1. The respondent, [YY], must not telephone, text, email or otherwise contact or attempt to contact the applicant, [XX], (including via social networking websites or other forms of electronic messaging) [except for the purpose of making arrangements for contact between the respondent and the children of the family] / [except through [his]/[her] solicitors [insert name, address and telephone number]].
  1. The respondent, [YY], must not damage, attempt to damage or threaten to damage any property owned (whether solely or jointly with another) by, or in the possession or control of, the applicant, [XX], and must not instruct, encourage or in any way suggest that any other person should do so.
  1. The respondent, [YY], must not damage, attempt to damage or threaten to damage the property or contents of [the family home]/[insert property], and must not instruct, encourage or in any way suggest that any other person should do so.

Non-Molestation Order – Zonal

  1. The respondent, [YY], must not go to, enter or attempt to enter [the family home] / [insert property] / [any property where he knows or believes the applicant, [XX], to be living], and must not go [within [insert] metres of it] / [along the road(s) known as [insert]], except that the respondent may [go to the property [without entering it]] / [go along the road(s) known as [insert]] for the purpose of collecting the children of the family for, and returning them from, such contact as may be agreed in writing between the applicant and the respondent or in default of agreement ordered by the court.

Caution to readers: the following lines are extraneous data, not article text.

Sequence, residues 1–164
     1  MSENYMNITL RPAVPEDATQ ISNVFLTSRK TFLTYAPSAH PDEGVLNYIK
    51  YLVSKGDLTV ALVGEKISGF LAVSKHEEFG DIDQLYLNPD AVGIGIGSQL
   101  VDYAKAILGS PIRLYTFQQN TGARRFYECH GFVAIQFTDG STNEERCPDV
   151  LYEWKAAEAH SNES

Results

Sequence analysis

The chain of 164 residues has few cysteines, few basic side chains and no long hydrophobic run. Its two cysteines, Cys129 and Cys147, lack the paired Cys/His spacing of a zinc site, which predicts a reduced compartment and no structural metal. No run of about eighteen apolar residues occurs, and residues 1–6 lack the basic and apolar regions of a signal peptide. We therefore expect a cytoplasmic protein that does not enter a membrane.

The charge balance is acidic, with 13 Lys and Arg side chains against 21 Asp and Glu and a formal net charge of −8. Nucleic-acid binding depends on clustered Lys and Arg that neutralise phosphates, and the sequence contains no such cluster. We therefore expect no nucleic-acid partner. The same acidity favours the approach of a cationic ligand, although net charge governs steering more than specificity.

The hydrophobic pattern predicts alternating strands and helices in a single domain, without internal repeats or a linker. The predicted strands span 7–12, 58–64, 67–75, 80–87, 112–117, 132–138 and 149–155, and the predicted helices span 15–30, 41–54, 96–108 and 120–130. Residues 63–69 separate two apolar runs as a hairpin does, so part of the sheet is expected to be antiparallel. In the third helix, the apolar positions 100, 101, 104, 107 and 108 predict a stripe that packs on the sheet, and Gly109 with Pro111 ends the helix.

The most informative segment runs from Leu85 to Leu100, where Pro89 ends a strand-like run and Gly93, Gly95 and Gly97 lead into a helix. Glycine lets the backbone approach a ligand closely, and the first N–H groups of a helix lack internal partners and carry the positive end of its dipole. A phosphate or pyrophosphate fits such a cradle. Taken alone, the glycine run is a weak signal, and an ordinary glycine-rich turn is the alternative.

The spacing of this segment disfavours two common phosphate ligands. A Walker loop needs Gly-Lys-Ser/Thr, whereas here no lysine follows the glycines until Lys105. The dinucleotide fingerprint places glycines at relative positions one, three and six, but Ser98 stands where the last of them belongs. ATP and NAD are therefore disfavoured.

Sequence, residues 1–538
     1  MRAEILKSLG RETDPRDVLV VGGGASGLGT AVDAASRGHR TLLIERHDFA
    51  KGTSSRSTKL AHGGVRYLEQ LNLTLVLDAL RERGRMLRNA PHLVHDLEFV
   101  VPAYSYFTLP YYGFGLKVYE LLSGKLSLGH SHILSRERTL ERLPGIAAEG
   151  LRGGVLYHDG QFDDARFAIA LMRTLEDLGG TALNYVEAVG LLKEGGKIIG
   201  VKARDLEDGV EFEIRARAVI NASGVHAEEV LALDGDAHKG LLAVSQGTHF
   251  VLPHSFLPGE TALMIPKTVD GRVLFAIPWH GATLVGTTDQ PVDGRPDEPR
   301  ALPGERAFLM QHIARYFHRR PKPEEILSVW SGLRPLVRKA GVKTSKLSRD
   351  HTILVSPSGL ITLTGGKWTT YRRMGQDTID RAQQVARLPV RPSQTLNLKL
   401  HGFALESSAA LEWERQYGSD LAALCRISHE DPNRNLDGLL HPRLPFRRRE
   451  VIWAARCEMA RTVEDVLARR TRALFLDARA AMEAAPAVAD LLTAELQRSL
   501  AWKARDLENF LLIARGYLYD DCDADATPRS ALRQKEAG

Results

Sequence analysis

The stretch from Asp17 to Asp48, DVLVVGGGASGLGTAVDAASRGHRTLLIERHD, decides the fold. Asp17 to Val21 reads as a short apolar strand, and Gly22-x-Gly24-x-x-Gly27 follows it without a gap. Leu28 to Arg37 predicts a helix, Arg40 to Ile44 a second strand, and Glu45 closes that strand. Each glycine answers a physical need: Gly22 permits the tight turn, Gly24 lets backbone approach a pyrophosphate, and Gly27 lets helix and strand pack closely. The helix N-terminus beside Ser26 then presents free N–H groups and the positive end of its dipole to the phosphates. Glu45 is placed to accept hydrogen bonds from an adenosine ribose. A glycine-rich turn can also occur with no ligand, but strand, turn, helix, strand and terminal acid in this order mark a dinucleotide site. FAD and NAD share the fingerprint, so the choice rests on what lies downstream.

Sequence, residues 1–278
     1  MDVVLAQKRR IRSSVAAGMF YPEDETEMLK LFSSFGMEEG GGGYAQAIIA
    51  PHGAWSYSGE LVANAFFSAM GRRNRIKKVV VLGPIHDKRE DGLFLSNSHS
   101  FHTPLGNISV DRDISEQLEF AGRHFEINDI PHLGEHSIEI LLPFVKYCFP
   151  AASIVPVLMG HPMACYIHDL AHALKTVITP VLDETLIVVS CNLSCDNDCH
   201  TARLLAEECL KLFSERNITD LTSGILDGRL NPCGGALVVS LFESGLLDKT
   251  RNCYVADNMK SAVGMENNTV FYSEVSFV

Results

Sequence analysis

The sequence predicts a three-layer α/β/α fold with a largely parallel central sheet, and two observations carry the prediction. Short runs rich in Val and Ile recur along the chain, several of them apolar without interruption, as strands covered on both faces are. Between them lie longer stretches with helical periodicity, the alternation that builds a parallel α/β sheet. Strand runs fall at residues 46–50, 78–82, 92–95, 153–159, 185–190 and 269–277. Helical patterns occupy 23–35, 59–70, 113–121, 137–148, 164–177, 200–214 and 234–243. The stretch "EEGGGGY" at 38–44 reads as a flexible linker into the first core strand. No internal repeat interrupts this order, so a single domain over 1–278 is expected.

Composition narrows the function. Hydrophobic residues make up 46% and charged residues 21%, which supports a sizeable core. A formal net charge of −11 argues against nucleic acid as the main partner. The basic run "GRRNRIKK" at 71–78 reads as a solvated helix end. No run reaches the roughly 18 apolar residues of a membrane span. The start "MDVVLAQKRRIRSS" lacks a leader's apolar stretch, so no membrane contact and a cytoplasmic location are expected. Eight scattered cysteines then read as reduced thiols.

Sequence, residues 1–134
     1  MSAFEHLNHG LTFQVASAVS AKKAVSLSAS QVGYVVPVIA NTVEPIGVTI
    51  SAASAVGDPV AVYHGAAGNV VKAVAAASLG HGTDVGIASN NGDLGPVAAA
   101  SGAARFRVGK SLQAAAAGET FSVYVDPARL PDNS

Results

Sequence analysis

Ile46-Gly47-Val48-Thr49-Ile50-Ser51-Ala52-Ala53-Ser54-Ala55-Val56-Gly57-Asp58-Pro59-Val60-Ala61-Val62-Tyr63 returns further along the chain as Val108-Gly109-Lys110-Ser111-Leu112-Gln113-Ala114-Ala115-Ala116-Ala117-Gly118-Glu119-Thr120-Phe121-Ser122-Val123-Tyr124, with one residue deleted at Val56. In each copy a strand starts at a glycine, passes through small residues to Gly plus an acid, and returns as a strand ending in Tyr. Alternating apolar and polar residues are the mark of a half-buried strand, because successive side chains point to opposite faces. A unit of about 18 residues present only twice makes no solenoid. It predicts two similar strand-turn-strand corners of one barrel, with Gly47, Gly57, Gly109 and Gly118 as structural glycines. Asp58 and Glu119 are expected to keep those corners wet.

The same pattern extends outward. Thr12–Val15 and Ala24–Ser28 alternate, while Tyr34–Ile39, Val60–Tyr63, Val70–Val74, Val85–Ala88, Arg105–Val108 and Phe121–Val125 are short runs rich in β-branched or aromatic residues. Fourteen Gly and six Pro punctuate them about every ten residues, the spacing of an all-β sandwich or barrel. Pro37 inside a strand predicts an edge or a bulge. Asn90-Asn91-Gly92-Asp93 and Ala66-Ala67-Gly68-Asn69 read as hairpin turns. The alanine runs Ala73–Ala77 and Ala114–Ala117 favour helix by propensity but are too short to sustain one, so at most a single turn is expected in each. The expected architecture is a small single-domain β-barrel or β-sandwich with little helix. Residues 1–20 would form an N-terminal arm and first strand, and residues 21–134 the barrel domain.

Non-Molestation Order – Children

  1. The respondent, [YY], must not use or threaten violence against the child[ren] of the family, and must not instruct, encourage or in any way suggest that any other person should do so.
  1. The respondent, [YY], must not intimidate, harass or pester the child[ren] of the family, and must not instruct, encourage or in any way suggest that any other person should do so.
  1. The respondent, [YY], must not telephone, text, email or otherwise contact or attempt to contact the child[ren] of the family (including via social networking websites or other forms of electronic messaging) [except for such contact as may be agreed in writing between the applicant and the respondent or in default of agreement ordered by the court].
  1. The respondent, [YY], must not [between the hours of 08:30 and 16:00] go to, enter or attempt to enter the school premises known as [insert], and must not go [within [insert] metres of it] / [along the road(s) known as [insert]], except [by prior written agreement with the applicant] / [by prior written invitation from the school authorities].

‘Non-molestation’: the broad definition, a bad habit

The more compendious you try to make the definition of ‘non-molestation’ the more a respondent can say: ‘Ah well, what I did isn’t on that list’; whereas Parliament and the common law intend that almost any actionable behaviour between parties can be caught by the term ‘non-molestation’ (see eg Khan v Khan [1995] 2 FLR 221, CA). The judge on the day can then decide whether the behaviour amounts to molestation, whether in his/her discretion an order should be made, and if so what – beyond ‘non-molestation’ – need be incorporated into the terms of the order.

The draftsman of this precedent is remarkably naïve if s/he does not realise these simple, but relatively obvious, truths.  And there is the little matter of Parliament’s will, and the statutory foundation for the jurisdiction (as the House of Lords reminded family lawyers in Richards v Richards [1984] FLR 11). The statute should not, please, be ignored in the drafting of documents like this. It gets litigants – whether represented or not – into very bad habits.